CHAPTER I
SURPLUS PEOPLE

The basic reasoning behind the state of mind we are about to see in action has its origins in the theories of Malthus, Darwin and Galton and the development of their ideas by their "scientific" disciples.

Malthus

Thomas Robert Malthus (1766-1834) was an English political economist and historian who in 1798 published a book called "An Essay on the Principle of Population". This document started a reaction against the earlier writings of Godwin, Condorcet and others, who reinforced the principles of emancipation and enlightenment which ensued after the French Revolution. Malthus' theories put forward here and in later works have a surprising influence even today.

He proposed that poverty, and thereby also vice and misery, are unavoidable because population growth will always exceed food production. The checks on population growth were wars, famine, and diseases. Malthus proposed "sexual abstinence" for the working class as a means by which the population excess could be diminished and a balance achieved. In this way, the "lower" social classes were made totally responsible for social misery.

This solution was based on the hypothesis that population increased in geometric progression (2, 4, 8,16, 32, 64, 128 and so on) while food production increased in arithmetic progression (1, 2, 3, 4, 5, 6, 7, 8 and so on). The situation already existing in his time would get worse, according to his claims and would reach alarming proportions. His basic idea can be shown pictorially in the following diagram.

Malthus was one of the earliest, but not the last, to turn away from the economic solutions of that period, and seek to solve social problems, such as poverty, through the use of biological measures. His premises, presented as facts and his figures with an air of mathematical authority, were impressive and convincing, although his ideas were based solely on some small travels and minor observations. However, despite the grand display and presentation, some of his critics realised the absurdity of it all. Both of the growth-rates were arbitrary, for there were no statistics on population increase or food production, before or during this time, which would have permitted a forecast for the future. Apart from this, no one knew lust how much land was actually cultivated or partially cultivated and how much was barren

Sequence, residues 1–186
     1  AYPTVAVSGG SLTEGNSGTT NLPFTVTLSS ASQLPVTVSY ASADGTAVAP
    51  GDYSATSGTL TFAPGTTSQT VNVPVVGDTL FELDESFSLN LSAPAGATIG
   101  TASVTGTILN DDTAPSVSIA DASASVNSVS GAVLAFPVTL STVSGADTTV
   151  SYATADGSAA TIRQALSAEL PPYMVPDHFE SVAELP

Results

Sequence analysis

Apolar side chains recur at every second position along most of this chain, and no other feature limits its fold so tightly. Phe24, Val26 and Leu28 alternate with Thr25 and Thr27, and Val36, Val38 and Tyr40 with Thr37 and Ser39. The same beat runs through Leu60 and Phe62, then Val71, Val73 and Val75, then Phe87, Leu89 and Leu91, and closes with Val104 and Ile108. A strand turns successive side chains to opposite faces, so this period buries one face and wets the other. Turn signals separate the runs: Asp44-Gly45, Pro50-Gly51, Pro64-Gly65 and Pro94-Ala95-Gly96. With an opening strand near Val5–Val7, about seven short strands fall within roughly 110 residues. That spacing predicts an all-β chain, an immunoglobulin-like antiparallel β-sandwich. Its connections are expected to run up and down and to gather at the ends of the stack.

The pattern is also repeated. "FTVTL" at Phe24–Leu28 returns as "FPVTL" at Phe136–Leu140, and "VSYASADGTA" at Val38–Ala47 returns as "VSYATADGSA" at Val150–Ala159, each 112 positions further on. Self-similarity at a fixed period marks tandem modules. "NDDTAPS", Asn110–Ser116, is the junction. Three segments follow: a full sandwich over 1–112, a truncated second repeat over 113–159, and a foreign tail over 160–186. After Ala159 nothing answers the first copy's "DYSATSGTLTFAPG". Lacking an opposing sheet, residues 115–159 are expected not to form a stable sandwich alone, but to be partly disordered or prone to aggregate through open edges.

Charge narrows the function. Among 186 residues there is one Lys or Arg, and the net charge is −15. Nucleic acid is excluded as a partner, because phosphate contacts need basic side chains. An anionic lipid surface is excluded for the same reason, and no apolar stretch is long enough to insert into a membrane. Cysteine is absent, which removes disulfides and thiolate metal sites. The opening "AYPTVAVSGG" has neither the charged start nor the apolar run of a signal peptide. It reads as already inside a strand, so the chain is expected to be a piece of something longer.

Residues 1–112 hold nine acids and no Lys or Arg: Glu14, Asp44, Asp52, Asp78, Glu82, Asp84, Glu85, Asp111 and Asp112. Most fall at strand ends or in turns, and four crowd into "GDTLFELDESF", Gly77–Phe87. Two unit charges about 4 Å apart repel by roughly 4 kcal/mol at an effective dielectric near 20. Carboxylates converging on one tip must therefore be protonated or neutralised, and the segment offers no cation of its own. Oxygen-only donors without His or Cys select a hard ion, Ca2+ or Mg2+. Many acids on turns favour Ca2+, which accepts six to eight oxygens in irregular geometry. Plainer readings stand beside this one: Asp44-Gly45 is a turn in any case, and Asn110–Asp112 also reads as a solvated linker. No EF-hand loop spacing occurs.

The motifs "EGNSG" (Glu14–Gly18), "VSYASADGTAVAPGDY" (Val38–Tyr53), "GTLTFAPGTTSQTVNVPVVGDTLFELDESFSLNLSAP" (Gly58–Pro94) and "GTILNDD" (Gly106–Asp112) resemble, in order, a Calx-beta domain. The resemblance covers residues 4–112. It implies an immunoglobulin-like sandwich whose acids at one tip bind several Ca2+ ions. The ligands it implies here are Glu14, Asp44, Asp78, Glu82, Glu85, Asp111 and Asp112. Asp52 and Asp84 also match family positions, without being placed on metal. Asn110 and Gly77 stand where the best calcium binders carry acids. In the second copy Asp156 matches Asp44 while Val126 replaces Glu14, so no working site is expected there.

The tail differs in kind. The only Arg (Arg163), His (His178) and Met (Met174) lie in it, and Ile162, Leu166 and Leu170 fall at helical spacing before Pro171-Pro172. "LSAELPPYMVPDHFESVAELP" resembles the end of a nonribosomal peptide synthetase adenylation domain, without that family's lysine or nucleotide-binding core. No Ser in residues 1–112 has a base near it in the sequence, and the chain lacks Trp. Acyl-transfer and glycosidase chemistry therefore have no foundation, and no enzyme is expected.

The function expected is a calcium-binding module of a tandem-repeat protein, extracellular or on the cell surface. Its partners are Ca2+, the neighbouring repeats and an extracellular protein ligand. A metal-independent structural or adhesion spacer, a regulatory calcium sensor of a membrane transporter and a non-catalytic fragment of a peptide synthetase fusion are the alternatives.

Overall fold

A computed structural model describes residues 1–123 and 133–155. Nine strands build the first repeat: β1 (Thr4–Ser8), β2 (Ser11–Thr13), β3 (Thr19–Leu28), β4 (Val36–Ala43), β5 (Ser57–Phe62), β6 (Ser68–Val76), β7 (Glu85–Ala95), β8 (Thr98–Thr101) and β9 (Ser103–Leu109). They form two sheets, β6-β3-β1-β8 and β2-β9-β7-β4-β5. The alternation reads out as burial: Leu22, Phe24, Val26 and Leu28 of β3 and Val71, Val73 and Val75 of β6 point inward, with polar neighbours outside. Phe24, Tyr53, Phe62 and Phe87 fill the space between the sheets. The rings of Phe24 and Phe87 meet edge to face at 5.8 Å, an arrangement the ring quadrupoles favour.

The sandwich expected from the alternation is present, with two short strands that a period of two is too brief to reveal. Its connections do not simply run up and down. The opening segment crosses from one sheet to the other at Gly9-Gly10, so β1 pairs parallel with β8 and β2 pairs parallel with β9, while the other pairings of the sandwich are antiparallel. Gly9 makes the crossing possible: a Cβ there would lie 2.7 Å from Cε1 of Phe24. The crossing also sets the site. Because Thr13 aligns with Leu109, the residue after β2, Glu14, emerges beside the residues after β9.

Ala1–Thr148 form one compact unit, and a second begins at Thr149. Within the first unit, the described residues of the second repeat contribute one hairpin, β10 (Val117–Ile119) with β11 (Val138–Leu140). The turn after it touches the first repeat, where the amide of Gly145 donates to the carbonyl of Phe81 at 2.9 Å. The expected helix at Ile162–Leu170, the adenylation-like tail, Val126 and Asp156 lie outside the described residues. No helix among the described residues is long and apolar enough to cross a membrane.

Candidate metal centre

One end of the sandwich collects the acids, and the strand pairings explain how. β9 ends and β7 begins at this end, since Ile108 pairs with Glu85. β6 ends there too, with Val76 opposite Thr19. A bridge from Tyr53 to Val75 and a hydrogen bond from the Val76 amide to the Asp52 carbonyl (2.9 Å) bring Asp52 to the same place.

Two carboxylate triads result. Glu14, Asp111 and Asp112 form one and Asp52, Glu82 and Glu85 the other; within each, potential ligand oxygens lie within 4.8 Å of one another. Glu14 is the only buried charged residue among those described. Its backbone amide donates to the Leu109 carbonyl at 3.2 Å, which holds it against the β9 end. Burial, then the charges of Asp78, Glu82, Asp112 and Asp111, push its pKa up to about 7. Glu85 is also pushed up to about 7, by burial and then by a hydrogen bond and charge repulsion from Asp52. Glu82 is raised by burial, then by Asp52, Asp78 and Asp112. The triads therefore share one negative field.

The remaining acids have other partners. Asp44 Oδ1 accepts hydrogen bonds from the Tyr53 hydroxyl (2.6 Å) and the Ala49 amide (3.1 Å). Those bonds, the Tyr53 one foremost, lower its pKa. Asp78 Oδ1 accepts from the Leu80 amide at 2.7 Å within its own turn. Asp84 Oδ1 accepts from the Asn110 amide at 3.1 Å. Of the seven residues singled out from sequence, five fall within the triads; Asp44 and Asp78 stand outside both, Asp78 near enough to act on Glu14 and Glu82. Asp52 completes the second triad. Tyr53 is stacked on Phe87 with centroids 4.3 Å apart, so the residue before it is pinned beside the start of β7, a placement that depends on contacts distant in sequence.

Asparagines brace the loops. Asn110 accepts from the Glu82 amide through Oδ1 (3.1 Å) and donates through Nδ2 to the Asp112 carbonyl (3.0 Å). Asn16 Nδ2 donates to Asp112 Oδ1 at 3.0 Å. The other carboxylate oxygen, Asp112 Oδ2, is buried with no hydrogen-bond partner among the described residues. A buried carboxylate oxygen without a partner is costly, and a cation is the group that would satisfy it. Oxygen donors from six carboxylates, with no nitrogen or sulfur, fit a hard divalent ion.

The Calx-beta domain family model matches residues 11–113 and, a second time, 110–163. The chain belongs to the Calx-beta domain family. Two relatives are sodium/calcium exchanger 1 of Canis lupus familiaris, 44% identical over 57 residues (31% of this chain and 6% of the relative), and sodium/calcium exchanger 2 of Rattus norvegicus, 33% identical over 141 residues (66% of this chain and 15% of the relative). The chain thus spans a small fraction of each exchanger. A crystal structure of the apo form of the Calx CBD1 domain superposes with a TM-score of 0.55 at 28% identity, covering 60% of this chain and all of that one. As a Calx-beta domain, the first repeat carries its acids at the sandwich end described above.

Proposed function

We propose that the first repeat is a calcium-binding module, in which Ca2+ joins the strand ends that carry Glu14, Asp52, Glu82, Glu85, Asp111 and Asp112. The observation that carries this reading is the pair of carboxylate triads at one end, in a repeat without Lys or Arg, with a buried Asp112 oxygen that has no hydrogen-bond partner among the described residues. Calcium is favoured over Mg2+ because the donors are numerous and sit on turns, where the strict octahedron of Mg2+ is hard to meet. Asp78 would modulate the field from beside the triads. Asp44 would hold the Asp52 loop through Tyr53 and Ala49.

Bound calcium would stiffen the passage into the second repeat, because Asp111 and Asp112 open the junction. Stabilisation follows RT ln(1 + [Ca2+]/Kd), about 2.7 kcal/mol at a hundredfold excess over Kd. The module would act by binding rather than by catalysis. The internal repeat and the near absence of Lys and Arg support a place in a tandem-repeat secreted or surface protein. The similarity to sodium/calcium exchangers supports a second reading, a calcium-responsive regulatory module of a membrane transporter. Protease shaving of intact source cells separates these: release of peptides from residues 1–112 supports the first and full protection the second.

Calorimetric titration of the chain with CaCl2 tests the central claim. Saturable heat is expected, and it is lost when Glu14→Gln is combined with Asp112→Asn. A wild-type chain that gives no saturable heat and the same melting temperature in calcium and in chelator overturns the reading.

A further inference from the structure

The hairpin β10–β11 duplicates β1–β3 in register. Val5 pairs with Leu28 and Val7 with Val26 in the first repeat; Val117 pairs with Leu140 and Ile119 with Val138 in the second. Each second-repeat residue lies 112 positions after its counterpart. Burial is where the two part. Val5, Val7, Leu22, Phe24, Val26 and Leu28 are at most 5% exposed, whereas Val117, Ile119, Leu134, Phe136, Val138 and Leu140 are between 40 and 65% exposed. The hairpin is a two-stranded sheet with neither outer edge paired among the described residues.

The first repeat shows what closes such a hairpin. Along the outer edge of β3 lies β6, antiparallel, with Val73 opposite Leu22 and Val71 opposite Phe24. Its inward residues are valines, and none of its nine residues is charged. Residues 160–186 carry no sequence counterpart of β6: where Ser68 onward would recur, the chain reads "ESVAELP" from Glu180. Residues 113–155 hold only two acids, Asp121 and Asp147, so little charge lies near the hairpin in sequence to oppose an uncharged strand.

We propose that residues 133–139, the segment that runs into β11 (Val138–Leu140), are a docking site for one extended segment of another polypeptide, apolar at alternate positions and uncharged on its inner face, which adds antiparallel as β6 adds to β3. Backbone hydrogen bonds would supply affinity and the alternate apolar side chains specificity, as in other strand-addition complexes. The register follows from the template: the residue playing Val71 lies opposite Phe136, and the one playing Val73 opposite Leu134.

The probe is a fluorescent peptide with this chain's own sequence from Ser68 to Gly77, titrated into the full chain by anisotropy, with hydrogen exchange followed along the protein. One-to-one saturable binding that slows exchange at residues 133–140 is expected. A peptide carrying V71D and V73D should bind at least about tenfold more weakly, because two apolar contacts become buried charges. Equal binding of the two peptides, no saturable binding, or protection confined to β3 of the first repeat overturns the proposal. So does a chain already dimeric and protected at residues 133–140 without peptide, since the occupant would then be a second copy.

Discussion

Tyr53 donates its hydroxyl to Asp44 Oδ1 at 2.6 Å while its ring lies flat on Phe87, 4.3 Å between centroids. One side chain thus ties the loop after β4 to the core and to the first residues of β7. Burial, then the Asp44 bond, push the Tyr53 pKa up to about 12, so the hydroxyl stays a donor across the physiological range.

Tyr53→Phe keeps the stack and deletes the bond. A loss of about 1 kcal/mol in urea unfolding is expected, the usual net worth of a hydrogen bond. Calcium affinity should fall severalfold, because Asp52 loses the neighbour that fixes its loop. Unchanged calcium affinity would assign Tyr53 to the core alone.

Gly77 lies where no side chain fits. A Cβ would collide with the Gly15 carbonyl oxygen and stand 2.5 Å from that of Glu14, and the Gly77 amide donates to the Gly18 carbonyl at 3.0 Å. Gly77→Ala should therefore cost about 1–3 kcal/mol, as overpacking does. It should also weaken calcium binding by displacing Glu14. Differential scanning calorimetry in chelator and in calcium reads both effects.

Malthus' presentations had the impact of a bomb; his mathematical and geometrical explanations and diagrams had a hypnotic effect, and only a few asked on what his claims were actually based. His theory has retained its persuasive power to such an extent that many of our present authorities use it as a basis of operation. Yet neither Malthus nor his later disciples ever managed to put forward any scientific proof for his theory, and in fact excellent scientists have at various times disproven Malthus' theory and the ideology resulting from it.

However, with the book, Malthus created an atmosphere which not only prevented a real solution to the social problems, but also promoted the repressive legislation which worsened the conditions of the poor in England. It was reasoned that better conditions for the poor would only encourage them to further propagate, putting those who were capable of work at a disadvantage. Malthusianism then moved forward to achieve its greatest triumph in 1834 with a new law providing for the institution of workhouses for the poor, in which the sexes were strictly separated to curb the otherwise inevitable over-breeding. This type of thinking has an inherent devaluation of human life through fear that the ever increasing population of lower classes will devour the more civilised or "better" people. This kind of philosophy, of course, urged the calling forth of drastic measures to handle the problem. The first resurgence took place a hundred and fifty years after his death, resulting in the birth-control movement, a principle which is based on Malthusianism. Following the Second World War, the idea was again taken up and today receives new momentum in the "population explosion" campaigns.

Darwin

Charles Robert Darwin [1809-1882], English naturalist. After years of research work formulated in 1859 his theory of evolution in his book "The Origin of Species by Means of Natural Selection or The Preservation of Favoured Race In the Struggle for Life". Without at that time going into a study of mankind, he tried to explain the development of life-forms in terms of a struggle for existence. The result of this struggle would be a natural selection of those species and races who were to triumph over those weaker ones who would perish.